The city has several celebrated art museums—Kimbell Art Museum, Amon Carter Museum of American Art, and the Modern Art Museum of Fort Worth—all of which have responded, to some degree, to the nationwide push to better engage with historically underserved communities. But there are gaps in the city’s arts infrastructure, Transform 1012 contends.
Román Ramírez, a leader of the Mexican folk dance company SOL Ballet Folklórico and Fort Worth native, pointed out that there are too few performing art spaces, prompting emerging artists to decamp for Dallas or abandon the field.
“The community in general was in need of spaces that were democratic,” Ayesha Ganguly, the founder of the Fort Worth–based community outreach group Window to Your World, said. “Right from the beginning our philosophy is asking people what they desire from a space like this. Does [Fort Worth] want a space to bring in groups to participate at reasonable class prices compared to the larger spaces that are inaccessible to them? Do they want creative outlets that are beyond traditional modes of storytelling?”
The Fred Rouse Center’s facilities will include a state-of-the-art performance space, exhibit spaces dedicated to social justice and civil rights artwork, and affordable live and work studios for artists-in-residence.
“How inspiring it will be for one of my students to look up and see a ballet class, or look and see art displayed, it can open their minds to show them that they can do that,” Ramírez said.
Life skills like leadership workshops and services for LGBTQ+ youth will also be offered. They’ve even imagined an outdoor urban agriculture to address food deserts in historically Black and Brown Fort Worth neighborhoods, as well as an artisan marketplace.
The center also addresses a more existential concern of what can be done with contested monuments. The year after Transform 1012 was founded, America experienced the largest, sustained civil rights actions since the 1960s.
“I don’t think Fort Worth is an anomaly,” said McKinney, who also leads the education-centered nonprofit Tarrant County Coalition for Peace and Justice. “I think that our country and our world has not reckoned with histories of racism and slavery, which drove colonialism. We are feeling the vestiges of that history locally, regionally, certainly nationally and internationally.”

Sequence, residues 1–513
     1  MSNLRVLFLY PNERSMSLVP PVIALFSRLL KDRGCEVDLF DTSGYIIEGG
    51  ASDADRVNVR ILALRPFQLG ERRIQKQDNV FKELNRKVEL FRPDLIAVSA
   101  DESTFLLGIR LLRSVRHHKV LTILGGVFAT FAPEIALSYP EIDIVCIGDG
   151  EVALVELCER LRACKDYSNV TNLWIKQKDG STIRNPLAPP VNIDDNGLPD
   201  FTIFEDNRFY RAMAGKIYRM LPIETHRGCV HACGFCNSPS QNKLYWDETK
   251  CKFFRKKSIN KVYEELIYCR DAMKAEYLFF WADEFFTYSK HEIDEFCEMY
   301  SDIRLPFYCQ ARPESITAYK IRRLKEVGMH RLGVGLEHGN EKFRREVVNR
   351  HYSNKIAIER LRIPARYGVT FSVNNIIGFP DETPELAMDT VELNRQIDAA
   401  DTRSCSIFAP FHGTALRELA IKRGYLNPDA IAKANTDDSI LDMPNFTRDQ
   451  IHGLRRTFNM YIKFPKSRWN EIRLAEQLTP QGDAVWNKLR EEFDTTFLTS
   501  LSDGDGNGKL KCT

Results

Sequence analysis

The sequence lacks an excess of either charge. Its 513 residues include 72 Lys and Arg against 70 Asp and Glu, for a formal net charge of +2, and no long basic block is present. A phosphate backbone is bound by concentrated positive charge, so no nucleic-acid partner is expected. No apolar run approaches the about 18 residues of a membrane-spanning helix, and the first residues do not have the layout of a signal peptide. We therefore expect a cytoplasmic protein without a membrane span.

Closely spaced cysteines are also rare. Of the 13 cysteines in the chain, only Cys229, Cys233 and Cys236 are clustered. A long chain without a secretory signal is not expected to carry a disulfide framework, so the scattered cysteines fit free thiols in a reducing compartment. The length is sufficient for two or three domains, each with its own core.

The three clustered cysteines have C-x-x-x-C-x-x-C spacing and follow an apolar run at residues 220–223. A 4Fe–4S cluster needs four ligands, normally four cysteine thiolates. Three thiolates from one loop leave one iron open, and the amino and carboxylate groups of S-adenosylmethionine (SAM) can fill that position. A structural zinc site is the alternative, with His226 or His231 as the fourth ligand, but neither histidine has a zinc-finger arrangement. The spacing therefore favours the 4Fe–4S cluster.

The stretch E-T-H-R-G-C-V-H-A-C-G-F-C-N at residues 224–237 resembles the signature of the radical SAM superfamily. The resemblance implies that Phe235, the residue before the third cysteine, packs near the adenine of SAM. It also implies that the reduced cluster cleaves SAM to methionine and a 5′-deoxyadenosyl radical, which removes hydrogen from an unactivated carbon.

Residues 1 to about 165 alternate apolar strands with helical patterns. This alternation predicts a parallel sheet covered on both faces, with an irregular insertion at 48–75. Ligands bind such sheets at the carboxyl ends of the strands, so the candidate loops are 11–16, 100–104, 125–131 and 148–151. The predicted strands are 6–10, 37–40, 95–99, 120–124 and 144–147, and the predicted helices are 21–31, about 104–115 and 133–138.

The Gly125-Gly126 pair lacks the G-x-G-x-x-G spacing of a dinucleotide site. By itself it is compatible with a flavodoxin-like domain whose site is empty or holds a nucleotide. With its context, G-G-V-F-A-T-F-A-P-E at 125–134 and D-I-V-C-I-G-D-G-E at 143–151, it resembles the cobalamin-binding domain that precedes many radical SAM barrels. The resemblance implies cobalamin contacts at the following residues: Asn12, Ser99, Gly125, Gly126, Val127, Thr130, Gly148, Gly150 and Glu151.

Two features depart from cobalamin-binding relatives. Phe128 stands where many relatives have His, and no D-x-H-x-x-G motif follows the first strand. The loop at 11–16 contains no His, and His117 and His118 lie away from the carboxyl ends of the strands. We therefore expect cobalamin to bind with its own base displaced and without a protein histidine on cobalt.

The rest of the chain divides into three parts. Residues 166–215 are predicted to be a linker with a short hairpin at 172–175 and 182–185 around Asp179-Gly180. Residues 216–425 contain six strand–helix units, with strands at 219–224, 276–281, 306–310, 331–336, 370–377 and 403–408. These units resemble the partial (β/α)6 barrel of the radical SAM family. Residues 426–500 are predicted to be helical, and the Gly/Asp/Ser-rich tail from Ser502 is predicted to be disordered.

The debate around Confederate statues and physical markers of white supremacy wasn’t new in 2020, but the Black Lives Matter movement intensified the need for resolution. Throughout the country statues were toppled by legislative or civilian action; they’re still falling. According to data collected by the Southern Poverty Law Center, 15 monuments linked to the Confederacy were removed from Texas land last year 2021. The other side says leave them untouched. The Fred Rouse Center, which is set to open in 2025, suggests reimagination as the way forward.
Inside the auditorium is a custom-built stage that was once host to racist Klan pageantry, such as minstrel games and rallies. Few would judge Transform 1012 for tearing that stage down amid renovations, but the team hopes it will serve aspiring LGBQT and BIPOC dancers and performance artists in Fort Worth, remaking the stage as a renewable source of cleansing artistic energy.
“We believed, and still believe, it is inappropriate to demolish the building because we felt that a history of pertaining to racism, racial terror violence, and white supremacy would be lost,” McKinney said. “In so doing, the reoccurrence would be that much more easily reproducible.”